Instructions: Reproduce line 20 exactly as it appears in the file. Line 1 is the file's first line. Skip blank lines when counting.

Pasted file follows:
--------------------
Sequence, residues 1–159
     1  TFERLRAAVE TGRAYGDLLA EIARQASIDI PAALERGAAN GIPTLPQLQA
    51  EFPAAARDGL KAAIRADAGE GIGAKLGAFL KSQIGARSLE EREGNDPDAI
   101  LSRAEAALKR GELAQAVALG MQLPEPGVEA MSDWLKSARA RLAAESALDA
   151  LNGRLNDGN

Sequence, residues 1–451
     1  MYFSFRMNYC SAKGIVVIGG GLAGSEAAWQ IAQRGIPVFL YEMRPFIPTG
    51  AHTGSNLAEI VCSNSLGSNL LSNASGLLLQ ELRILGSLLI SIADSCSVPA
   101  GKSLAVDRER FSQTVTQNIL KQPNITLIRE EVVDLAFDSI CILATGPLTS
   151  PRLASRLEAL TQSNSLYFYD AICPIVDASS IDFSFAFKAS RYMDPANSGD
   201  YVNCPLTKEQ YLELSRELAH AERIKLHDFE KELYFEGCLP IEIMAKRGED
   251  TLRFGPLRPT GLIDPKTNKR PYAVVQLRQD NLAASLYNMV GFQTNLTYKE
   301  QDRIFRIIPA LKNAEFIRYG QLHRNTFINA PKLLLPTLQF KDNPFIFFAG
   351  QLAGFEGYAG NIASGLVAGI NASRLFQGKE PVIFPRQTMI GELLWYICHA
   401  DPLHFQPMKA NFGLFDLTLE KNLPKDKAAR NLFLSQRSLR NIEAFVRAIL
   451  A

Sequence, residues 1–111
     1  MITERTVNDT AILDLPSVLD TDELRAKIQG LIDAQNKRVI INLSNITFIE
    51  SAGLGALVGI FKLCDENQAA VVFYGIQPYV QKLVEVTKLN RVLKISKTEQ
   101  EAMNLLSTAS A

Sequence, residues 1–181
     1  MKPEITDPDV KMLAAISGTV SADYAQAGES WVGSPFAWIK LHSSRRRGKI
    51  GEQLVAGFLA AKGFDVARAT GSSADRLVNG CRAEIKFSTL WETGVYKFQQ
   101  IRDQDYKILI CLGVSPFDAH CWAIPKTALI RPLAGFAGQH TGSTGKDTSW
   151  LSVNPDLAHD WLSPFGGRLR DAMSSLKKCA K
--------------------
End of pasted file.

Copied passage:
   101  EAMNLLSTAS A